1. Twee 1.25  2. Straining at the Stool  3. Daddy  4. Norwegian Wood  5. The More You Struggle, the Tighter It Gets  6. Saved  7. Might As Well Wish For It  8. Carmen Mirauder  9. Dogmas of the Quiet Past 10. My Rat's Food 11. Watch Nine Correct 12. Dutch Wife 13. Twee 0.40 14. That's Not My Handwriting 15. Hot Damn Viet Nam 16. Odo Some years after our cassette came out, Mayday Records got this lovely CD pressed. But instead of us dreaming up some convincing words, we'll let the published reviews speak: Chris Kemmerer on houston.sidewalk.com wrote, sometime in 1998...   Houston bands, no lie, spawn some of the weirdest noise on the planet. Infant Mortality Rate supports this rash statement with a CD of industrial noise, sonic experimentation and occassional great beauty. Phil Krieg from Sad Pygmy is behind all this, though the ace theremin stylings he exhibits for that band are buried in an avalanche of found sound and studio hammering. There is ugly skronk aplenty here (60 seconds or so of "Dogmas of the Quiet Past" should tell you whether IMR is your cup of tea -- it sounds like it really is recorded on "sticky tape and rust"). You'll need an appreciation for envelope-pushing and loud grinding noises or you'll leave the room immediately, but we love it all, even the severe deconstruction of "Norwegian Wood." Most folks, of course, have no use at all for this kind of stuff, but the international noise underground will buy every copy and beg for more.   The moon unit wrote, in Dead Angel #34 (11/98)...   All right -- he gets bonus points right off the bat for all the nifty angel pix on the cover and scattered throughout the booklet. He also gets bonus points for his demented sensibilities: the disc opens with "Twee 1.25," comprised of frantically skipping CD sounds mixed in with an extremely devolved and fractured recording of some woman singing the "Star Spangled Banner," probably taped off the late-night TV signoff. THIS is what the Null/Disc offering reviewed later this issue should have sounded like. "Daddy," with its heavily repeated samples of "bad dreams" and "i want very much to stop dreaming" running atop a crazed pile of crowd noises and other bizarreness, comes off like a disturbed cross between early Pain Teens and Butthole Surfers. Some of the samples appear to have no connection whatsoever to the main thrust of the piece, which only makes it even more surreal. Then there's "Norweigian Wood," not even remotely connected to the Beatles song of the same time -- no, it's a demented phone conversation between what sound like two hillbillies from the set of DELIVERANCE that abruptly segues into peculiar rhythms and a woman asking "Do you mind if I take my sweater off?" Now -- now, i'm just guessing here, but i have a feeling this jolly fellow had a problem with his attention span when he was a young lad.... "The More You Struggle, The Tighter It Gets" is a burbling drone-o-thon with more bizarre samples (this time, it's someone reciting his multiplication tables, among other things), while "MIght As Well Wish For It" is a slowly pproaching wall of white noise that suddenly transforms into some guy moaning over a crippled breakbeat. On "Dogmas of the Quiet Past," wailing klaxons, rumbling noises and other weirdness slosh around while various people chatter and wail. About this time it becomes obvious that, as with early Butthole Surfers material, this might be bullshit, but it's good bullshit. (Bad bullshit would be, say, movies starring Steven Seagal; good bullshit would be Jackie Chan movies. The same ratio applies to music, too. Or anti-music, as this may be. One never knows. You'd have to dig up Freud and ask him. Just don't do it while holding a banana. Am i making sense? No? Good. Excellent, even. Being obfuscatory is a dangerous business, dammit, but someone has to do it and it might as well be moi.) The looped skipping-CD noises show up again on "My Rat's Food," but once again they're employed to much better effect here than on the Null/Disc CD. The skipping sets up a hypnotic rhythm over which he overlays lots of other weird loops, drones, and puzzling bulldada. Swank, mon, swank. "Twee 0.40" and "That's Not My Handwriting" are also heavily reminiscent of early Pain Teens, as they're built around endless loops of nonsensical observations with lots of damaged noises happening in the background (think "Shotguns" or "Secret is Sickness"), which i suspect is not entirely coincidental, since IMR is from Houston and has connections to Austin Caustic one of the original tape manipulators associated with Pain Teens. More devolved tape frippery shows up on "Odo," a deliberately garbled conversation (apparently on the subject of law, although volcanos are also mentioned, so maybe not) that's been subjected to a fair amount of tape mushiness; a relentless skip-rhythm runs through the last part to an ominous monologue that's eventually overtaken by the skipping sounds.   While IMR isn't exactly breaking new ground here by any means, his means of manipulating stacks of tapes is generally more interesting, and certainly more humorous, than the work of most of the splice 'n dice contingent. Plus he does have the exquisite good taste to shovel on lots of angels in the artwork. I say it's worth investigating....   And in Splendid Ezine (11-Aug-1999), George Zæhoræ wrote...     Our copy of Puer Æternis arrived with the words "Me no goth!" written on its shrink-wrap with a grease pencil. This sort of pre-non-categorization is tremendously useful, helping us to avoid embarassing faux pas on those occasions when we write reviews without actually listening to the CDs -- in fact, more bands should do it (He's not serious -- Ed.). It's unlikely that you'd mistake IMR for goth, however, unless you suffer from total hearing loss or a complete lack of musical genre knowledge, for Puer Æternis is an entirely different animal than its gravestone-cherub-laden cover implies. The disc's 16 cuts are a coctail of synthesized and manipulated sounds, samples and spoken word material, inhabiting a stylistic middle ground between the KLF's Blue Room and Negativland (with a few detours into Current 93 and early Skinny Puppy territory for good measure). It's rather like a fever dream, with odd moments of lucidity breaking through the sonic chaos, then sinking back into the (if you'll forgive us using a rather goth word) mire. If you're looking for familiar ground, you might start with "Norwegian Wood", which includes within its wildly detailed collage a bastardized version of the Beatles classic rendered upon a Casio sampler that wheezes like a failing respirator. Other areas are more hellish: "Carmen Mirauder" is three minutes inside a schizophrenic's head, and "My Rat's Food" is a squalling mess o' chaos that, if played at high enough volume, will induce the neighbors to send the police to your house in search of bodies under the lino. Despite the overwhelming air of menace and confusion, Puer Æternis deserves your attention; it may be easy to create this sort of sound-art, but it's hard to make it interesting, which is where Infant Mortality Rate succeeds. When the voices in your head get tired of talking, this disc makes a perfect substitute. $8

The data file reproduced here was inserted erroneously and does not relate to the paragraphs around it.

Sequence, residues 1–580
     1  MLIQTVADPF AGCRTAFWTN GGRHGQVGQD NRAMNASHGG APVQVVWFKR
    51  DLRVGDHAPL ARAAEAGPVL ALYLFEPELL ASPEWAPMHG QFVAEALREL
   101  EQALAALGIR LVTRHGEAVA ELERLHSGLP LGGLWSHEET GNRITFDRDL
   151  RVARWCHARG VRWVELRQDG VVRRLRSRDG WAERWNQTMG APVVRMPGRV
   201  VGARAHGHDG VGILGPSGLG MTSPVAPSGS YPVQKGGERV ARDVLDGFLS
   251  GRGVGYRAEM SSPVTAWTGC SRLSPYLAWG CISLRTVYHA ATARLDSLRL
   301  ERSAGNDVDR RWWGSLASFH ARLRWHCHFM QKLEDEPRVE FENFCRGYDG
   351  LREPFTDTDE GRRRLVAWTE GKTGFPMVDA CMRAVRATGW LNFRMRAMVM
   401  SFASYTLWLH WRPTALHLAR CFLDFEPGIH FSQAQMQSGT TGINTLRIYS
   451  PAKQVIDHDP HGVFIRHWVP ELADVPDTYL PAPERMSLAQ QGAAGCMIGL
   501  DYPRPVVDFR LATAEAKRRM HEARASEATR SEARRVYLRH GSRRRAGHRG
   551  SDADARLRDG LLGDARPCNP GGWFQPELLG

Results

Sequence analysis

Puer Aeternis